James smiles as he gets comfy in his new wheelchair

HAPPY James Shepherd with his new wheelchair.  Picture: Sarah Standing (120129-2487)
HAPPY James Shepherd with his new wheelchair. Picture: Sarah Standing (120129-2487)
There is disruption to train services in the Portsmouth area this morning

WEATHER: Travel disruption across Portsmouth area as Met Office warning is issued

0
Have your say

AFTER waiting for seven months, James Shepherd sits happily in his new wheelchair.

The eight-year-old suffers from angelman syndrome – a rare condition characterised by severe learning difficulties and unsteady or jerky movements.

He was desperate for a new wheelchair because he had outgrown his old one.

It was falling apart and all the straps had fallen off. But the chair cost £1,300 and his parents couldn’t afford to pay for it.

So they applied to the Solent NHS Trust last April. But it was only late last year that the chair finally arrived, after The News highlighted his case.

It came after the family were transferred from the service located in Portsmouth to one in Southampton.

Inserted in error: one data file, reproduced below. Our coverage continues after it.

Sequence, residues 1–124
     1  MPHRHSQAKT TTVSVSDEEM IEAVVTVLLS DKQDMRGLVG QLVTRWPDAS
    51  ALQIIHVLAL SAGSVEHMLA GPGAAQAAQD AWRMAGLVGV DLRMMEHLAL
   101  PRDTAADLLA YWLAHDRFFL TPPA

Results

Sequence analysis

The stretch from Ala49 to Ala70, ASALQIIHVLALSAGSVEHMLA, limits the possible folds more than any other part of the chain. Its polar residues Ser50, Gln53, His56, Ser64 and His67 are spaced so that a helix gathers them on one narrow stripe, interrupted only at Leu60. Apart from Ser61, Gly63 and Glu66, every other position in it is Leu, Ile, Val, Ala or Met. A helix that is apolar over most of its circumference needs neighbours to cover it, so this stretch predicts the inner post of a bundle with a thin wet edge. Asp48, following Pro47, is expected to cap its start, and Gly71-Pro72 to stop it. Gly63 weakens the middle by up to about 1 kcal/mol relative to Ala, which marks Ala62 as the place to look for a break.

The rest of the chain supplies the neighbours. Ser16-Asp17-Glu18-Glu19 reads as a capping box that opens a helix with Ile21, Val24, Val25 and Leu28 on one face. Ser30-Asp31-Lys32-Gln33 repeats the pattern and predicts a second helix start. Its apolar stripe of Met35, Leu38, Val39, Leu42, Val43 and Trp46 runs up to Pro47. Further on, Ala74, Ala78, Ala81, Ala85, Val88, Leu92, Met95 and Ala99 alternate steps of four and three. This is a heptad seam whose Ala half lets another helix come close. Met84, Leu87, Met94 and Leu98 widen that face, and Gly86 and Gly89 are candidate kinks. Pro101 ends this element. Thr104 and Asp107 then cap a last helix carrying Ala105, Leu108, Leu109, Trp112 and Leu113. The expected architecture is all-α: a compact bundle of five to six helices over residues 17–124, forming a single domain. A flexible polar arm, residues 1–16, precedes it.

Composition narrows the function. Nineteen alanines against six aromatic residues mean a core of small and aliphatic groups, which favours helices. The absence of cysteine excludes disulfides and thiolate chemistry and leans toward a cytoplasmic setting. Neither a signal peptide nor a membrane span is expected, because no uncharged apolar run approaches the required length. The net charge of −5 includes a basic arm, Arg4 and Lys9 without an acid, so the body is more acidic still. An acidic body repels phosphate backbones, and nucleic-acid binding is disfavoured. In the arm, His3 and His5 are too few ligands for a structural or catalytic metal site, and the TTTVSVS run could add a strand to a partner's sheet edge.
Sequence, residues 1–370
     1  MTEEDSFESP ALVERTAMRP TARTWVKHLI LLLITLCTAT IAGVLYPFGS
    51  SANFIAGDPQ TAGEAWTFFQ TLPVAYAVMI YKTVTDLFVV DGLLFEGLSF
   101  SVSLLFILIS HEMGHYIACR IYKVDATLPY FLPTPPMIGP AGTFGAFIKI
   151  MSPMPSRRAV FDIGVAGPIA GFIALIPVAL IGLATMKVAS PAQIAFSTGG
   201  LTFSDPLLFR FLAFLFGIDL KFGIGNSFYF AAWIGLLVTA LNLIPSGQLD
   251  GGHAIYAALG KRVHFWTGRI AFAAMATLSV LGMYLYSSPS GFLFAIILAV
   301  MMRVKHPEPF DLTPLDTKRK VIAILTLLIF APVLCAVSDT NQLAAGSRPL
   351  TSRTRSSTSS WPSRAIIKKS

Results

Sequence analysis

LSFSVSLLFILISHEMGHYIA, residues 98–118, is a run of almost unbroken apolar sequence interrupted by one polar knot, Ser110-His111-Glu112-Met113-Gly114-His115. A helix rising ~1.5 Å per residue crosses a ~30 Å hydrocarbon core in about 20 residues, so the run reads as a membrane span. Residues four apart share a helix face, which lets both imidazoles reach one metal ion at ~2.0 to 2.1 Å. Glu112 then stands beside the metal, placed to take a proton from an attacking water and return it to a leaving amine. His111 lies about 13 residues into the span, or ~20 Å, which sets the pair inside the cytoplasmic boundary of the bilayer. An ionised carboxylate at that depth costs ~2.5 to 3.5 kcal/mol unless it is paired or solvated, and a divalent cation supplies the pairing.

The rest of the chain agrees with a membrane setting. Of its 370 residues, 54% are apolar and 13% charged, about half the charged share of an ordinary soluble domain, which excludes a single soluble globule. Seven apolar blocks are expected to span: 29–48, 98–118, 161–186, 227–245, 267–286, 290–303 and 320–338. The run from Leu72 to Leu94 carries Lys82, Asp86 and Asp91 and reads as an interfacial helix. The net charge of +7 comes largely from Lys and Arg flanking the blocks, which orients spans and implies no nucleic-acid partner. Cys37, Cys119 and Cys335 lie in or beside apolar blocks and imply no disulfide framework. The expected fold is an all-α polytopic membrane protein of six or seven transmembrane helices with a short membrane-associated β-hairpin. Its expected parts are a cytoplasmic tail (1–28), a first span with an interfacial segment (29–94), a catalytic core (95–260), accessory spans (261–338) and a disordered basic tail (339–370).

Dad Dave Shepherd, from Cherry Close in Lee-on-the-Solent, said: ‘Once it went to Southampton it went very well. Within about 20 minutes they pulled out the most perfect wheelchair we had ever seen.

‘He’s much happier in it now. He’s more comfortable in it. It’s a nice, big, steady wheelchair.

‘He’s a lot more happy and it’s made all the difference to us.

‘It’s a lot easier to use. It’s made our lives a lot easier.’

And now, Mr Shepherd, 36, is hoping that it’ll send a message to other families with disabled children in a similar position.

‘You have to fight, even if you don’t want to,’ he said.

‘Don’t be afraid to complain. People who just sit there and don’t say anything won’t get it.

‘It’s just the way it is for disabled families and disabled children.

‘It’s not the first time we have had to fight for something. But it’s satisfying to know that it’s finally sorted.

‘James is so comfortable in it. If he’s in the living room he will climb into it and watch TV in it.’

Lin Burton, head of occupational therapy and integrated community equipment services at Solent NHS Trust, said: ‘We are, of course, delighted that we have now managed to provide the right wheelchair for James and that he and his family are happy with the outcome. This followed useful meetings with the family.

‘However, we can only apologise again for the length of time it took to get this right.

‘As we have said before, there were a set of unfortunate circumstance that contributed to the delays.

‘We are fully investigating what went wrong to make sure this does not happen again.’